The official said the error also reflects the agency’s chronic lack of resources. Just two employees at the agency are charged with putting together the weekly swaps report and it takes them 12 days to prepare the data for publication compared with three for another report the agency publishes. The agency is reviewing the matter and hopes to have firmer figures by next week’s report, due Thursday.

In a statement, DTCC said: “We notified the CFTC immediately after we uncovered this matter and are working overtime to resolve these issues as soon as possible to ensure that the agency has timely access to the most accurate, highest quality market data.”

Oh that’s ok then, after all what’s a little eletronic $55,000,000,000,000 shuttling back and forth between insolvent counterpa…. oh hey look, over there everyone, the Fed just tapered!

 

The Global Leverage Cycle: You Are Here | Zero Hedge

The Global Leverage Cycle: You Are Here | Zero Hedge.

While one can make an argument that the central banks have now destroyed all traditional “cycles”, including the economic “virtuous cycle“, the business cycle and even the leverage cycle, the question remains how much longer can the Fed et al defy mean reversion and all laws of nature associated with it. That said, assuming the fake market environment we find ourselves in persists for at least another year, this is what the leverage cycle would look like assuming $10 trillion in global central bank assets were a pro forma new normal.

Keep a close eye on China: it is on the cusp between the end of the leverage cycle (where as we reported over the past two days, it has been pumping bank assets at the ridiculous pace of $3.5 trillion per year) and on the verge of having its debt bubble bursting. What happens then is unclear.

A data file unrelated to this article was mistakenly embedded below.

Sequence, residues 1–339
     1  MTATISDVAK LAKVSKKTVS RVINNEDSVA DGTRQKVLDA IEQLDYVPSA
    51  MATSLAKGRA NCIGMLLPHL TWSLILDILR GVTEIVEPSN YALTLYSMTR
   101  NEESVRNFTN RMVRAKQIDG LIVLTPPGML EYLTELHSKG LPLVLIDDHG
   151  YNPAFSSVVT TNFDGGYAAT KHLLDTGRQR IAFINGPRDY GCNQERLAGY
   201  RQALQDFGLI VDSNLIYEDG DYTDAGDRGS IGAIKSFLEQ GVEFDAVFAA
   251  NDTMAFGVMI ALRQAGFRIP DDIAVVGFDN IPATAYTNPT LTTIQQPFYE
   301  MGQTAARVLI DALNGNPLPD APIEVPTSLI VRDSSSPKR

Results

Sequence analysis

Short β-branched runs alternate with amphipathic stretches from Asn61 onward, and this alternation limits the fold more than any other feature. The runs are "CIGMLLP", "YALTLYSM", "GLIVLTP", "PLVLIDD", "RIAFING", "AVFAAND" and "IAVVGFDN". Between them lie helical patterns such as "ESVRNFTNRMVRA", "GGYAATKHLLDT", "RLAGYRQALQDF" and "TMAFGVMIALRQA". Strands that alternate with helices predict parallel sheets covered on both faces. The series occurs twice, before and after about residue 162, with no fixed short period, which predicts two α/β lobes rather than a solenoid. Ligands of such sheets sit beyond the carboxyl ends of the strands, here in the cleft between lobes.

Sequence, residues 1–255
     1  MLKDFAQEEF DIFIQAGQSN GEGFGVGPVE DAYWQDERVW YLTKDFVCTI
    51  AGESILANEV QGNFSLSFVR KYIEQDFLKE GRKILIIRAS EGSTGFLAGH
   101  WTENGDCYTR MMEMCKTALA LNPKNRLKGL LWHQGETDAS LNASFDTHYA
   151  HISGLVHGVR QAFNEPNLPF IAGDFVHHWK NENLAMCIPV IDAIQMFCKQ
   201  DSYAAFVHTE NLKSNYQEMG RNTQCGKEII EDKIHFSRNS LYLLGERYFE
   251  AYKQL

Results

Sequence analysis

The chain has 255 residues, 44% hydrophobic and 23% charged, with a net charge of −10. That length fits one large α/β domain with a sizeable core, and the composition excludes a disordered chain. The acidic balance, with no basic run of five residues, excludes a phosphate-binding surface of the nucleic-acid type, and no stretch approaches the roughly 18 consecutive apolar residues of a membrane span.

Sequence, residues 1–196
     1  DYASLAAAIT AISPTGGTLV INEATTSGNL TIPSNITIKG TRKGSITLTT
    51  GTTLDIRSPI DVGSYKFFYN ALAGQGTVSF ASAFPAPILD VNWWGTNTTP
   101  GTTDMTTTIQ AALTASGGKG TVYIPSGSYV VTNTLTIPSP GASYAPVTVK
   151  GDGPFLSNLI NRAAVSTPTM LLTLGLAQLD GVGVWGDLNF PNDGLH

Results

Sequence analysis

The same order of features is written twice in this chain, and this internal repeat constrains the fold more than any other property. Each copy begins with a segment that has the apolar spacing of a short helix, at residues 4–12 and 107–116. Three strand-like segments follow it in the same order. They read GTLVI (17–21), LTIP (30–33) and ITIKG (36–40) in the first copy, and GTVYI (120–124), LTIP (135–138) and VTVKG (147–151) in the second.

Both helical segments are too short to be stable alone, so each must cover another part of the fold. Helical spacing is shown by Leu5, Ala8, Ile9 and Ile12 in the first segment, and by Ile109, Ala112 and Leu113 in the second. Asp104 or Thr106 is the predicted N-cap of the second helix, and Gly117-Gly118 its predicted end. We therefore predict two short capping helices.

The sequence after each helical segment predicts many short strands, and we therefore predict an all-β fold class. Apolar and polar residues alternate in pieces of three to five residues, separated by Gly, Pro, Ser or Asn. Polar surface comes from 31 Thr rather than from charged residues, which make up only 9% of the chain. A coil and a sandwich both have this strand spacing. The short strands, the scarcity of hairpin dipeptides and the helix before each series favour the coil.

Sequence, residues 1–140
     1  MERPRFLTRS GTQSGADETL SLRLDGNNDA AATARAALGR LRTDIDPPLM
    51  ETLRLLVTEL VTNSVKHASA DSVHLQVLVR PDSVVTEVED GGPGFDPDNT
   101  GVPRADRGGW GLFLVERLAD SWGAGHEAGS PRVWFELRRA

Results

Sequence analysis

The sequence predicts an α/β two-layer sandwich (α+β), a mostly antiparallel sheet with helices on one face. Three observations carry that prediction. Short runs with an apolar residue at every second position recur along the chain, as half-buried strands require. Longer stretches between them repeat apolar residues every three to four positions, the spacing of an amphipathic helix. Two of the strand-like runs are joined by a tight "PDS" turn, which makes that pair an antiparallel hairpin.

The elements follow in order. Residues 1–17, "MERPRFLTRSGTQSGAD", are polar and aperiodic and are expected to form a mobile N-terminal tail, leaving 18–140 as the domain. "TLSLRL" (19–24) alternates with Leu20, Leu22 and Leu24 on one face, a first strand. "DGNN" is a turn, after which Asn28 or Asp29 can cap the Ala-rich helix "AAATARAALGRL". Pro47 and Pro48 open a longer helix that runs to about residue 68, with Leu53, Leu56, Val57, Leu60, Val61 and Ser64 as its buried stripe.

Some thoughts on the above graphic from SocGen:

For the first time post-crisis, we expect advanced economies in 2014 to see a marked increase in their contribution to global growth. Emerging economies have over the past few years offered a welcome support to global growth, but this relied in part on a build-up of credit that now needs to be paid down. The hope is for advanced economies to take over the baton from the emerging economies as the main driver of global growth. The US is now poised for sustainable  recovery and in Japan hopes remain that Abenomics will work. The euro area, however, continues to lag. As such the growth relay from emerging to advanced is likely to prove a bumpy process. Commodity markets will sit at the heart of this dynamic – our strategists look for range-bound markets in 2014.

This new rotation of the global leverage cycle is an integral part of our monetary policy outlook, which we discuss in greater detail in the following sections. Several features are worth noting:

Time for emerging economies to deleverage: Post crisis, emerging economies adopted accommodative economic policies to offset the collapse in demand for their output. Providing a further boost, accommodative monetary policies in advanced economies drove significant financial flows into the region. Combined, these fuelled credit expansion. With the turn in the US interest rate cycle back in the spring, external financing conditions tightened. Moreover, in a number of emerging economies, policymakers have become increasingly concerned by a build-up in leverage; this is not just a story of level, but also one of speed. As seen from our leverage cycle, we believe the emerging economies have now moved to a phase of deleveraging. Our emerging market theme, however, is not just one of a cyclical downturn. As we have highlighted on several occasions, we believe potential growth is structurally slowing and no more so than in China.